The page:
The analysis included 173 children, 52% male, median age 3 years; 48 children (28%) had received vaccine before acquiring invasive pneumococcal disease. Isolates were obtained from blood only from 156 children (90%), from CSF only from 10 children (6%), and from both sites from 7 children (4%). The median time between date of vaccination and date of specimen collection was 338.5 days (33 days to 1,341 days), and no child had been vaccinated within 30 days of invasive pneumococcal infection. Of serotypes from the 173 invasive infections, serotypes 4, 6A, 6B, 14, 23F, 19F, 9V, and 18C accounted for 81% of the isolates (Figure 1).

Figure 2

Thumbnail of Frequency of various underlying chronic illnesses among 173 children with invasive pneumococcal disease. The category "malignancy" excluded hematopoetic malignancies, which are included in the leukemia category. Organ transplant includes both solid organ and bone marrow transplants. CSF is cerebrospinal fluid.

Figure 2. Frequency of various underlying chronic illnesses among 173 children with invasive pneumococcal disease. The category "malignancy" excluded hematopoetic malignancies, which are included in the leukemia category. Organ transplant includes both solid...

Forty-six (27%) of children in the study had sickle cell disease (Figure 2). The "other" category included children with congenital anomalies such as congenital heart or lung defects, children with anatomic asplenia, and children on immunosuppressive medication regimens. Thirty-three (69%) of 48 vaccinated children had sickle cell disease.

The Table presents vaccine effectiveness estimates for the overall cohort and for children with and without sickle cell disease. For children with the disease, the lower bound of the 95% confidence interval included 0%. The estimate of vaccine effectiveness for children without sickle cell disease was higher than the estimate for children with the disease. Point estimates of effectiveness for children with nephrotic syndrome or HIV infection were 80%; however, the 95% confidence intervals included 0% (data not shown). Other chronic diseases reported in this cohort included leukemia, nonhematopoetic malignancy, and organ transplant; however, none of the children with these underlying diseases were vaccinated, and effectiveness could not be calculated.

Protein conjugate vaccines offer the advantage of being effective in the first 2 years of life, when response to polysaccharide vaccines is poor. However, the number of serotypes that can be represented in these vaccines is limited. To evaluate polysaccharide effectiveness for serotypes not represented in a protein conjugate vaccine under evaluation for license (13), we excluded children infected with serotypes 4, 6B, 9V, 14, 18C, 19F, and 23F. Polysaccharide vaccine was highly effective in preventing invasive disease due to serotypes included in the polysaccharide vaccine but not in the conjugate vaccine (Table). If the 14 children with serotypes 6A, 9A, 9L, 18B, 18F, and 23A are also excluded (because of potential protection conferred by the proposed conjugate vaccine for these vaccine-related serotypes), the vaccine effectiveness estimate is 92% (exact 95% confidence intervals 17% to 100%).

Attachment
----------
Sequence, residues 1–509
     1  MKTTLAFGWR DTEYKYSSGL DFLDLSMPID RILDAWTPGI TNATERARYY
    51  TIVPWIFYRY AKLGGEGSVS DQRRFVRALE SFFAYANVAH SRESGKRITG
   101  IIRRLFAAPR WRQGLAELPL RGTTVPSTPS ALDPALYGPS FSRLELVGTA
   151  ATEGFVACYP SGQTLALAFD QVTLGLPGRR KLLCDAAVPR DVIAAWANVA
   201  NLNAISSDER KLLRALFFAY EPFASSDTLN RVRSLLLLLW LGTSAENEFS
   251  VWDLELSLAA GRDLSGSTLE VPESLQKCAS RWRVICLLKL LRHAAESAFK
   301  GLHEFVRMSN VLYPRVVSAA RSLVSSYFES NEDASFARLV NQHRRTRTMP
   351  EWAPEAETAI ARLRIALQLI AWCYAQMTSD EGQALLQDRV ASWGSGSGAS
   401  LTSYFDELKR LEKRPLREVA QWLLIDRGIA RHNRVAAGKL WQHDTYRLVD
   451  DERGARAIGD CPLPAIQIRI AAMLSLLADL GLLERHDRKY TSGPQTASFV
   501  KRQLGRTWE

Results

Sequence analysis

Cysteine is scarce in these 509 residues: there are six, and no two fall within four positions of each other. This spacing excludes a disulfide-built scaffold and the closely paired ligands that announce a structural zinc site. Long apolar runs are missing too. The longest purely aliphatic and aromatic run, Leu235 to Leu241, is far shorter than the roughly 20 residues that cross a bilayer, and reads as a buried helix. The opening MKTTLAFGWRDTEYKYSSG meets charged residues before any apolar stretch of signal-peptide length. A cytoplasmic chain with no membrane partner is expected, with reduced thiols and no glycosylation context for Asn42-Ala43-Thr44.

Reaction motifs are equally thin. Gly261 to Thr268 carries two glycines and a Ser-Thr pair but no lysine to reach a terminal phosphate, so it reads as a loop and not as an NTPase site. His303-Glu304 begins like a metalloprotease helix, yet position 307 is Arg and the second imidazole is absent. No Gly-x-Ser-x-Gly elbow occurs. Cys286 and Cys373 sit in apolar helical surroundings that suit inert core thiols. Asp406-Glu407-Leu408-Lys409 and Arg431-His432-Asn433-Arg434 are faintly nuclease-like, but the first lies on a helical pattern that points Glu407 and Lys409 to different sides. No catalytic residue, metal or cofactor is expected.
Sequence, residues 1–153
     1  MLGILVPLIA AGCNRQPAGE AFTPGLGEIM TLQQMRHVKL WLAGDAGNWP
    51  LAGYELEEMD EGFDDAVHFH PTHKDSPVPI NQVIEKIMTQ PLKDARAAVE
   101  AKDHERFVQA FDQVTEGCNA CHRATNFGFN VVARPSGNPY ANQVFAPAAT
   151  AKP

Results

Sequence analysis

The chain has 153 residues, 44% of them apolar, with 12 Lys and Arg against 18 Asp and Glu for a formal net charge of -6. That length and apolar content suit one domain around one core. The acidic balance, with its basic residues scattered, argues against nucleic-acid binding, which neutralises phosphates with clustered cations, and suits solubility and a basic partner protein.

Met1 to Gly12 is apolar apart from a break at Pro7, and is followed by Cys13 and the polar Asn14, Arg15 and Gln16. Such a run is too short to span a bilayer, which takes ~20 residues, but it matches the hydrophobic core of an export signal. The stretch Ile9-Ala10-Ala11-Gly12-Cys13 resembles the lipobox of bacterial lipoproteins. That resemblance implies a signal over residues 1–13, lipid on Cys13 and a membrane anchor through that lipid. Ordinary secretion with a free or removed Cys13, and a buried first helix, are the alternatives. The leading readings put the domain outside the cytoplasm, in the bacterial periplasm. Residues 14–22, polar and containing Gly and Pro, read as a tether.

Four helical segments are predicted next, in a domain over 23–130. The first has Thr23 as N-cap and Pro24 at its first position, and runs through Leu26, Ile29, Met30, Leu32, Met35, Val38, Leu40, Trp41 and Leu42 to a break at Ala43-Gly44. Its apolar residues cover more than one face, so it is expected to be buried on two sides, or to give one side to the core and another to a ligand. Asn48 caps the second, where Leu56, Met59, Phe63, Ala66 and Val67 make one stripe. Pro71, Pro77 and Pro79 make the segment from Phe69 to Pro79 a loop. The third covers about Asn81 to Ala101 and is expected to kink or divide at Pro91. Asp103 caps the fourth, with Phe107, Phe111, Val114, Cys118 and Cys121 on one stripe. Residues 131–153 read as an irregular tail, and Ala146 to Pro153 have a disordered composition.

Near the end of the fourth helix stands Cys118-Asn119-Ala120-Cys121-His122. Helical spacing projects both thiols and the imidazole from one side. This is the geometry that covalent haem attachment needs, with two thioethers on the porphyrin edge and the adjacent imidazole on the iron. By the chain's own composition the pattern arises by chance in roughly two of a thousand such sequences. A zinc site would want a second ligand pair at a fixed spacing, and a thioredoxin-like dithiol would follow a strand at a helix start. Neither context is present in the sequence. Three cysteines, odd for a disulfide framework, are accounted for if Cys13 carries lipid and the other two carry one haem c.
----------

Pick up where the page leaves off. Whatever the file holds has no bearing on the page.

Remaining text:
Case-control studies have demonstrated that pneumococcal capsular polysaccharide vaccines are effective (14-16) and cost-effective (17,18) in the prevention of invasive pneumococcal disease among elderly and chronically ill adults. We used data from a national sentinel surveillance system for invasive pneumococcal disease to determine whether children ages 2 to 5 years were also protected. An overall vaccine effectiveness of 63% was demonstrated by indirect cohort analysis (15). The indirect cohort analysis presented here strengthens the case for the use of pneumococcal polysaccharide vaccine for children with underlying conditions. For children with sickle cell disease, penicillin prophylaxis remains the most effective preventive measure for reducing pneumococcal disease.

Accuracy of vaccine history is critical to this analysis and may vary between surveillance sites. To minimize inaccuracies, patients with no indication of vaccine history were excluded. For those with a reported vaccine history, misclassification due to inaccurate history should be as likely among patients with vaccine-type as among nonvaccine-type infections because the serotype of patient isolates was not known when vaccine status was determined (serotyping was done at CDC). Bias due to this nondifferential misclassification will be towards the null hypothesis (no effect of vaccination) (19).

Newly developed pneumococcal protein conjugate vaccines are safe and immunogenic for infants and young children (13,20,21). Preliminary results from a large, Phase-III trial of a heptavalent conjugate vaccine among healthy children indicate substantial efficacy in preventing invasive disease (13). However, the expense and technical difficulty of creating conjugates for each serotype will likely limit the number of serotypes represented in a polyvalent conjugate vaccine to fewer than 12. Available data suggest that polysaccharide vaccine, when administered after primary immunization with a conjugate vaccine, elicits a significant booster effect in healthy infants (22) equivalent to the booster response engendered by a second conjugate vaccine series (23). These results and the level of effectiveness seen with pneumococcal polysaccharide vaccine in our study suggest that the polysaccharide vaccine will still be a useful adjunct to conjugate vaccine, by providing additional protection to children >2 years of age for whom polysaccharide vaccine is currently indicated.

Dr. Fiore is a medical epidemiologist in the Hepatitis Branch, Division of Viral and Rickettsial Diseases, National Center for Infectious Diseases.



The authors thank A.R. Franklin, D. Jackson, L. LaClaire, and N. Pigott for serotyping of pneumococcal isolates and the members of the Pneumococcal Sentinel Surveillance Working Group: Carol Camp, Patricia Charache, Mel Jackson, W. Keith Hadley, Joan Hoppe-Bauer, Michael R. Jacobs, Phyllis Tyler, Janet Monahan, Harold Moore, Jane D. Siegel, David Sherer, and David Welch.



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Cite This Article

DOI: 10.3201/eid0506.990616

Table of Contents – Volume 5, Number 6—December 1999

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Anthony E. Fiore, National Center for Infectious Diseases, Centers for Disease Control and Prevention; 1600 Clifton Road, Mail Stop G37, Atlanta, GA 30333, USA; fax: 404-639-1538